Hildebrand, F.B. 1962. Advanced calculus for applications. Prentice-Hall, Englewood Cliffs. 646 pp.
Jackson, R.D., and S.A. Taylor. 1965. Heat transfer. Pages 349-360 in C.A. Black, ed. Methods of soil analysis. American Soc. Agron. Monogr. 9.
Kramer, P.J. 1969. Plant and soil-water relationships. McGraw-Hill, New York. 482 pp.
Mitchell, J., W. Beckman, R. Bailey, and W.Porter. 1975. Microclimatic modeling of the desert. Pages 275-286 in D.A. DeVries and N.H. Afgan, eds. Heat and mass transfer in the biosphere: I. Transfer processes in the plant environment. John Wiley, New York.
Monteith, J.L. 1973. Principles of environmental physics. American Elsevier, New York. 241 pp.
Richards, S.J., R.M. Hagan, and T.M. McCalla. 1952. Soil temperature and plant growth. Pages 303-480 in B.T. Shaw, ed. Soil physical conditions and plant growth. Academic Press, New York.
Rose, C.W. 1966. Agricultural physics. Pergamon, Oxford. 230 pp.
Sellers, W.D. 1965. Physical climatology. Univ. Chicago Press, Chicago. 272 pp.
Stevenson, R.D. 1977a. The first law of thermodynamics for ecosystems. Instructional module: Physical processes in terrestrial and aquatic ecosystems. Center Quant. Sci. Univ. Washington, Seattle. 28 pp.
Stevenson, R.D. 1977b. Applications of the first law to ecological systems. Instructional module: Physical processes in terrestrial and aquatic ecosystems. Center Quant. Sci., Univ. Washington, Seattle. 32 pp.
Stevenson, R.D. 1977c. Heat transfer processes for the thermal energy balance of organisms. Instructional module: Physical processes in terrestrial and aquatic ecosystems. Center Quant. Sci., Univ. Washington, Seattle. 40 pp.
Taylor, S.A., and R.D. Jackson. 1965. Heat capacity and specific heat. Pages 345-348 in C.A. Black, ed. Methods of soil analysis. American Soc. Agron. Monogr. 9.
Taylor, S.A., and G.L. Ashcroft. 1972. Physical edaphology. W.H. Freeman, San Francisco. 553 pp.
Van Wijk, W.R., and W.J. Derksen. 1966. Sinusoidal temperature variation in a layered soil. Pages 171-209 in W.R. Van Wijk, ed. Physics of plant environment, second edition. North-Holland, Amsterdam.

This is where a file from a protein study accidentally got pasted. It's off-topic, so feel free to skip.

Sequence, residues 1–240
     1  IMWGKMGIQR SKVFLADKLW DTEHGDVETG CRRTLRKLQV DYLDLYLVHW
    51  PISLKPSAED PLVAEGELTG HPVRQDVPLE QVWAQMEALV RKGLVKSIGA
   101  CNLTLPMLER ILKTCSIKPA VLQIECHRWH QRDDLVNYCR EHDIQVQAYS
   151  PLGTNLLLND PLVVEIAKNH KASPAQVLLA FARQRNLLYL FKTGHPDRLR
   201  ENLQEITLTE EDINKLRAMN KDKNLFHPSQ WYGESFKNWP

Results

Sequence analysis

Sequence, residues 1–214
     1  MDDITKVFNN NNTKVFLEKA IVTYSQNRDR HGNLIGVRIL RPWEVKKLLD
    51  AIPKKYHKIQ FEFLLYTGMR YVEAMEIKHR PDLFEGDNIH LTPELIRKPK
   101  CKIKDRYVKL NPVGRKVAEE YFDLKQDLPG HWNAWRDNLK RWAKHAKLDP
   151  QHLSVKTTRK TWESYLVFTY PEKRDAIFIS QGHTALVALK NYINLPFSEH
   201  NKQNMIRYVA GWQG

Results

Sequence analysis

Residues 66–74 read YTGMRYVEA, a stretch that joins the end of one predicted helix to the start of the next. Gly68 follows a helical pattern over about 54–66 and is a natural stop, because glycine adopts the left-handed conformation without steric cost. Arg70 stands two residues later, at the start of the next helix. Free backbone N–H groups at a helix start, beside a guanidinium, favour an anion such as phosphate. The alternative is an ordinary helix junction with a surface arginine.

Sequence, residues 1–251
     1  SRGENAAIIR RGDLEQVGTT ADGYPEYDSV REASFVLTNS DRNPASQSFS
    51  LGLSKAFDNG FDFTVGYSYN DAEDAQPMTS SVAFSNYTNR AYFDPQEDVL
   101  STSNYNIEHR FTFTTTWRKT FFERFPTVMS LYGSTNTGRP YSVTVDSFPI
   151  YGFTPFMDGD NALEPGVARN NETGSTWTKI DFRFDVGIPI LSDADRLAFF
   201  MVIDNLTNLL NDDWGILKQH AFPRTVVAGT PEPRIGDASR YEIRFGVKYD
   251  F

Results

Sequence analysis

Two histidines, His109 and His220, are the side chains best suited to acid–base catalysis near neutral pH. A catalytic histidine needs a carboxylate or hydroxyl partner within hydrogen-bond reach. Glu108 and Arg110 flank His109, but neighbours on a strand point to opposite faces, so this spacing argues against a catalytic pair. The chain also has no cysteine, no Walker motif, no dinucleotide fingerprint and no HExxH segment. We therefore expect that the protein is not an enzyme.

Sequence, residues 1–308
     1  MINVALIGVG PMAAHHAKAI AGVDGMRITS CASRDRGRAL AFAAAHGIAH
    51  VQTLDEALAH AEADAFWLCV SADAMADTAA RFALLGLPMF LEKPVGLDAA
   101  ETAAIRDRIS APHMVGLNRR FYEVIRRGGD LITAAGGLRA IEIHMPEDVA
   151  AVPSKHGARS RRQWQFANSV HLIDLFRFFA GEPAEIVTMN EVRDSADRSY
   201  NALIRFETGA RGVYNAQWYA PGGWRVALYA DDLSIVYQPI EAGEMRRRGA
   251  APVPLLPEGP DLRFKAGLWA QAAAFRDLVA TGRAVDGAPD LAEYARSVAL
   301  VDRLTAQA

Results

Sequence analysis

Van Wijk, W.R., and D.A. DeVries. 1966. Periodic temperature variation in a homogeneous soil. Pages 102-143 in W.R. Van Wijk, ed. Physics of plant environment, second edition. North-Holland, Amsterdam.
13.7 PROBLEMS
- Verify that:
- Devise an expression for surface heat flux density \((G(0))\) from Equation (13.11).
- What is the maximum heat flux at the surface? Hint: The trignometric identity \(\sin(x+y) = \sin x \cdot \cos y + \cos x \cdot \sin y\) may be useful.
- When does the heat flux reach its maximum in relation to the maximum in the diurnal temperature wave at the surface? The annual temperature wave?
- Show that the quality \(D/\sqrt{2}\) can be regarded as an “effective depth” for heat flow. Hint: Compare Equation (13.2) with result from part 2(a).
- Show that the amount of heat flowing into the soil during one-half cycle is \(\sqrt{2}CDA(0)\). This is the amount of heat required to raise a layer of soil \(D/\sqrt{2}m\) thick \(A(0)\)°C.
- What is the maximum heat flux at the surface? Hint: The trignometric identity \(\sin(x+y) = \sin x \cdot \cos y + \cos x \cdot \sin y\) may be useful.
- Refer to Figure 13.2.
- Derive an expression for the damping depth \(D\). What is the value of \(D\) for the diurnal temperature wave? What is the functional relation between the diurnal and the annual damping depth? What is the value of the annual damping depth?
- Estimate \(A(0)\).
- Calculate diffusivity \((K)\). Was the soil wet or dry (see Table 13.1, or Figure 13.15 in problem 4)?
- Derive an expression for the damping depth \(D\). What is the value of \(D\) for the diurnal temperature wave? What is the functional relation between the diurnal and the annual damping depth? What is the value of the annual damping depth?
- Based on the following figure, comment on possible explanations for the shape of the curves. Hint: Compare Figures 13.6 and 13.7.
13.8 PROBLEM SOLUTIONS
1.(a) \(T(z,t)=\overline{T}+A(z)\sin[\omega t+B(z)]\)
Now \(T=\overline{T}+A(0)\exp(-z/D)\sin[\omega t-z/D]\), substituting expressions (13.12) and (13.13) into (13.11). Taking partial derivatives as indicated by Equation (13.8): \[\begin{align*} \frac{\partial T}{\partial t}&=\omega A(0)\exp(-z/D)\cos[\omega t-z/D] \\ \frac{\partial T}{\partial z}&=-\frac{A(0)}{D}\exp(-z/D)\sin[\omega t-z/D]-\frac{A(0)}{D}\exp(-z/D)\cos[\omega t-z/D] \\ \frac{\partial^2 T}{\partial z^2}&=\frac{A(0)}{D^2}\exp(-z/D)\sin[\omega t-z/D]+\frac{A(0)}{D^2}\exp(-z/D)\cos[\omega t-z/D] \\ &+\frac{A(0)}{D^2}\exp(-z/D)\cos[\omega t-z/D]-\frac{A(0)}{D^2} \exp(-z/D)\sin[\omega t-z/D] \\ \end{align*}\]